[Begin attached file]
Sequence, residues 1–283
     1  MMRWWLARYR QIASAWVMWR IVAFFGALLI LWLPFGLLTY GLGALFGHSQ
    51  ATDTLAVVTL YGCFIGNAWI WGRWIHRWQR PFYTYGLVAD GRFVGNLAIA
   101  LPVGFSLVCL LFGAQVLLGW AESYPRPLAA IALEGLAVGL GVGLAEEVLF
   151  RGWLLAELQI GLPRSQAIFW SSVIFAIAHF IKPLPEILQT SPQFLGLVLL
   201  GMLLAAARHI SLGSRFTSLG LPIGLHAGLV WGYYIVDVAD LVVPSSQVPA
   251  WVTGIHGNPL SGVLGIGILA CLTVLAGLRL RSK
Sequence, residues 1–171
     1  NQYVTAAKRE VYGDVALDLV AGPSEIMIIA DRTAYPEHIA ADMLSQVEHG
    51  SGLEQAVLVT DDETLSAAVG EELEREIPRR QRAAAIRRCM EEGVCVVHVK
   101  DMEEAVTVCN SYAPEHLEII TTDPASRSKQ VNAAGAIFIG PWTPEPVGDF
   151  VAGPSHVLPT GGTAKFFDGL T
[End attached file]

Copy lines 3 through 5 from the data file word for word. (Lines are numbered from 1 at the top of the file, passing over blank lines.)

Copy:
    51  ATDTLAVVTL YGCFIGNAWI WGRWIHRWQR PFYTYGLVAD GRFVGNLAIA
   101  LPVGFSLVCL LFGAQVLLGW AESYPRPLAA IALEGLAVGL GVGLAEEVLF
   151  RGWLLAELQI GLPRSQAIFW SSVIFAIAHF IKPLPEILQT SPQFLGLVLL